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March 20, 2011
Team Prospectus
Boston Bruins

by Timo Seppa



Boston Bruins, 2009-10
Goals For: 	206	29th 
Goals Against: 	200	2nd
GVT: 		6	13th
Points:		91	14th

VUKOTA Projection for 2010-11
Goals For: 	226	19th 
Goals Against: 	210	1st
GVT: 		16	5th
Points:		97	5th

We don't get them all right, but in this case, VUKOTA chose wisely in calling for a Bruins' resurgence. Boston isn't quite at the top of the league in goal prevention, but at third (2.36 GA), it's conceivable they'll finish there by season's end. More surprising is yet another wild mood swing on offense—the B's are fifth in the NHL (2.99 GF) after their scoring collapse in 2009-10. What could be an even better Bruins incarnation than their first-seeded 2008-09 squad currently stands second in the NHL by the measure of Goals Versus Threshold. So are they a true Stanley Cup threat?


GM Peter Chiarelli has been busy—the Bruins roster has seen massive turnover since the beginning of last season. Gone are players such as Steve Begin, Byron Bitz, Chuck Kobasew, Derek Morris, Matt Hunwick, Miroslav Satan, Vladimir Sobotka, Mark Stuart, Marco Sturm, Blake Wheeler and Dennis Wideman (not all of whom even started 2009-10 with the team), while new faces include Brad Marchand, Adam McQuaid, Dennis Seidenberg, Gregory Campbell, Nathan Horton, Tomas Kaberle, Chris Kelly and Rich Peverley. In addition, the career of former keystone Marc Savard is in jeopardy after repeated concussion issues.

Bruins top forwards, by 2009-10 stats

Shots/60: Shawn Thornton 10.7, Michael Ryder 9.1, Patrice Bergeron 8.0
Hits/60: Milan Lucic 11.8, Gregory Campbell 10.3*, Shawn Thornton 9.9
Blocked shots/60: Gregory Campbell 4.7*, Chris Kelly 2.2*, Patrice Bergeron 2.0
Takeaways/giveaway: Patrice Bergeron 2.9, Gregory Campbell 2.2*, Daniel Paille 1.9
Net penalties: Rich Peverley +0.6*, Nathan Horton +0.5*, David Krejci +0.5
Faceoffs: Patrice Bergeron 58.0%, Rich Peverley 54.2%*

Bruins top defensemen, by 2009-10 stats

Shots/60: Zdeno Chara 7.2, Johnny Boychuk 6.4, Tomas Kaberle 5.2*
Hits/60: Johnny Boychuk 6.1, Dennis Seidenberg 5.5, Zdeno Chara 4.5
Blocked shots/60: Dennis Seidenberg 7.1, Andrew Ference 3.9, Johnny Boychuk 3.9
Takeaways/giveaway: Dennis Seidenberg 1.0, Zdeno Chara 0.4, Tomas Kaberle 0.3*
Net penalties: Zdeno Chara +0.0, Andrew Ference +0.0, Dennis Seidenberg +0.0, Johnny Boychuk +0.0

*New acquisition
Minimum 40 games played

Bruins goaltenders, 2009-10 and 2010-11 stats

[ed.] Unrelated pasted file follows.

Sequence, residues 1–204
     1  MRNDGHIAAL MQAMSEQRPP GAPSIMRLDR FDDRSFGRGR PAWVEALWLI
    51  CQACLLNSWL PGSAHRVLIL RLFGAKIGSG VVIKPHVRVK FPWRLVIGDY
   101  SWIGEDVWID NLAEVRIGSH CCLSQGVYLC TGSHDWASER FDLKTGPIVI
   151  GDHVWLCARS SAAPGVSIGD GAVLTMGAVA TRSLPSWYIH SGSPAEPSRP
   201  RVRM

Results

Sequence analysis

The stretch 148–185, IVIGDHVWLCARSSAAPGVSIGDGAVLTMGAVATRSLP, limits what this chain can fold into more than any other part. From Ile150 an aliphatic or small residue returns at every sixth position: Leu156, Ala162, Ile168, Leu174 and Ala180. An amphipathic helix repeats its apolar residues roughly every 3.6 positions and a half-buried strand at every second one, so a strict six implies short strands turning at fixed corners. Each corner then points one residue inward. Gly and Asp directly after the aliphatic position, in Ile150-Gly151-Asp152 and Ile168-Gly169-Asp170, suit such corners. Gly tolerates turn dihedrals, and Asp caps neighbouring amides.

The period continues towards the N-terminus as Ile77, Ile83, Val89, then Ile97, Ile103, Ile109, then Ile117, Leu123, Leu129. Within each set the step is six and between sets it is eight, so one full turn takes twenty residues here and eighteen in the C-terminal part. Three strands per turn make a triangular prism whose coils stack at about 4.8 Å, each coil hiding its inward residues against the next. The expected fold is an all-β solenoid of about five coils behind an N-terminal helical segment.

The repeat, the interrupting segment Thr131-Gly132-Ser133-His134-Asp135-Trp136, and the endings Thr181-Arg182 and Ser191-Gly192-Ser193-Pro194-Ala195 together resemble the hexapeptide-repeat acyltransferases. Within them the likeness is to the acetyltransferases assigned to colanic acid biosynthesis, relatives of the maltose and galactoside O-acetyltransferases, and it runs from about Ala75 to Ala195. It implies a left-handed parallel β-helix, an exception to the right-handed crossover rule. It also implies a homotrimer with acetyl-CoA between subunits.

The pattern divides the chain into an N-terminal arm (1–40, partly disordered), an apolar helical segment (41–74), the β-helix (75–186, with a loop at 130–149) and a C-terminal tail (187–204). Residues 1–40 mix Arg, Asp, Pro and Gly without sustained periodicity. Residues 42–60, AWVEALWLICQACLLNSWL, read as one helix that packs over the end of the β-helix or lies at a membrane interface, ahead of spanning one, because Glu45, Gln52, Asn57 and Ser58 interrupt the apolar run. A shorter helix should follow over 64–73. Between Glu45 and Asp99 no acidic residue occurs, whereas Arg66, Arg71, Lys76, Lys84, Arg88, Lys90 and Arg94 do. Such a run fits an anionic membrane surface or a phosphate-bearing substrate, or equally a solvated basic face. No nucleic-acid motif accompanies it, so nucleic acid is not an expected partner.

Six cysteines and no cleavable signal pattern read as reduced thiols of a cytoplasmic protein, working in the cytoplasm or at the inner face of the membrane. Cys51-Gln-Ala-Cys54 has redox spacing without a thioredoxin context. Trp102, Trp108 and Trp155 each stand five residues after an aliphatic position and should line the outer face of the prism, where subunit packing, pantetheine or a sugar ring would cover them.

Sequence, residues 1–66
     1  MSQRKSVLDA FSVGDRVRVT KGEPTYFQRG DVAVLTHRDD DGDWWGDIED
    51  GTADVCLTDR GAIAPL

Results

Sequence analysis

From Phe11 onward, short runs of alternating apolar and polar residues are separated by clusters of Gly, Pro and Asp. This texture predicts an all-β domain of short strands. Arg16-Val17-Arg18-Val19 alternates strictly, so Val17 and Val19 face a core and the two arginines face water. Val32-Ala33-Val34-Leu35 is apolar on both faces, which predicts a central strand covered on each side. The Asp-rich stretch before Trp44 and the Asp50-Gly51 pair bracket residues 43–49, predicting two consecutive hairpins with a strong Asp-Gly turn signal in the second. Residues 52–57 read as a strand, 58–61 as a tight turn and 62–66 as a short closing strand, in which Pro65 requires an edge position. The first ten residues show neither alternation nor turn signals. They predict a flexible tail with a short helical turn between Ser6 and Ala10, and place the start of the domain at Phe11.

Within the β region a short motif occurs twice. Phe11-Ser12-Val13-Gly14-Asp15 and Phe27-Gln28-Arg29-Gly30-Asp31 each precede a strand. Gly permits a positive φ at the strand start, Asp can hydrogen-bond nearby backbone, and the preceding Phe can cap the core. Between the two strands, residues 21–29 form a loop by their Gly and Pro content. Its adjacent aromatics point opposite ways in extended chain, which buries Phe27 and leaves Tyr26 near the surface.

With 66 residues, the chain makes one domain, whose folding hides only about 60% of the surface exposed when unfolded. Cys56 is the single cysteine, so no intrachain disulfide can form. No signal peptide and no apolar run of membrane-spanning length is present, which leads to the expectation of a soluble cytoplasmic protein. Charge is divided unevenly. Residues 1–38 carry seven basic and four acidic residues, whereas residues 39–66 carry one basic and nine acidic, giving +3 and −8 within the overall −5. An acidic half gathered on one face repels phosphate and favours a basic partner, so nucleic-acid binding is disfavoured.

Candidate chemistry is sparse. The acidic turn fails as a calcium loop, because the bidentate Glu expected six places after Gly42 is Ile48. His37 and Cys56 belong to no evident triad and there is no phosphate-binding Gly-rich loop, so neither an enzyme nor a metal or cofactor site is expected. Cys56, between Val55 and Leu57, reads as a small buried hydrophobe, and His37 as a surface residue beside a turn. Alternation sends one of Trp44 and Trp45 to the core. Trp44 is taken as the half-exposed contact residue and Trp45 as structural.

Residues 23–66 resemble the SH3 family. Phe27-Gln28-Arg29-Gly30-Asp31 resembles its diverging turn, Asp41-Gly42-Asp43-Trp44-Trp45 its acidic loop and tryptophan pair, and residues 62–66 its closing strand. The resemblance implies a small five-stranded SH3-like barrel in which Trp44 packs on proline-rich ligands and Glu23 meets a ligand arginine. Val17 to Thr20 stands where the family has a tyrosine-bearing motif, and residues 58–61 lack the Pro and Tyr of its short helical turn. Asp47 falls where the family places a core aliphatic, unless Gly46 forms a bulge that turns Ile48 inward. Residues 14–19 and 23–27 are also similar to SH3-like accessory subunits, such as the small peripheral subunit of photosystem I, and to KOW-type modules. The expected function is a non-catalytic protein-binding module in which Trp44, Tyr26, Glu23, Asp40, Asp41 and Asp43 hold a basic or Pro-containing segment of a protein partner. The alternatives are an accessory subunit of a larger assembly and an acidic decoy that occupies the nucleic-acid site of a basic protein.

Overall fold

It's pretty amazing that the Bruins have had three Vezina Trophy caliber seasons in a row. Assuming that a healthy Tim Thomas (deservedly) captures the hardware again—he's threatening Dominik Hasek's all time save percentage record—it could have been a Vezina three-peat if Rask had more starts with which to build a case against Ryan Miller in 2009-10.

Tim Thomas

Overall save percentage .915 / .938
Even strength save percentage: .913 / .947
Power play save percentage: .919 / .885
Shorthanded save percentage: .944 / .955

Tuukka Rask

Overall save percentage .931 / .917
Even strength save percentage: .937 / .925
Power play save percentage: .891 / .867
Shorthanded save percentage: .975 / .938


Picking up players from the Florida Panthers tends to have an unexpected side effect on your team: collecting lackluster shootout performers. The Bruins have a bunch of skaters with experience in extra frames, but unfortunately, they're all at a below-average 30% or less, other than one notable recently-acquired defenseman with a mere 12 career attempts under his belt. Conversely, the shootout is one of the few skills that second overall pick Tyler Seguin has shown a knack for in his rookie season. Between the pipes, Thomas and Rask have been above-average for their careers, though the Vezina favorite has struggled this season.

Best options, shooters with 10 or more career attempts

Tomas Kaberle: 41.7% (5 for 12)*
David Krejci: 30.0% (6 for 20)
Zdeno Chara: 30.0% (3 for 10)
Nathan Horton: 27.5% (11 for 40)

Best options, shooters with a limited track record

Tyler Seguin: 57.1% (4 for 7)


Tim Thomas: .717 career (124 for 173), .727 in 2009-10, .529 in 2010-11
Tuukka Rask: .684 career (26 for 38), .697 in 2009-10, .600 in 2010-11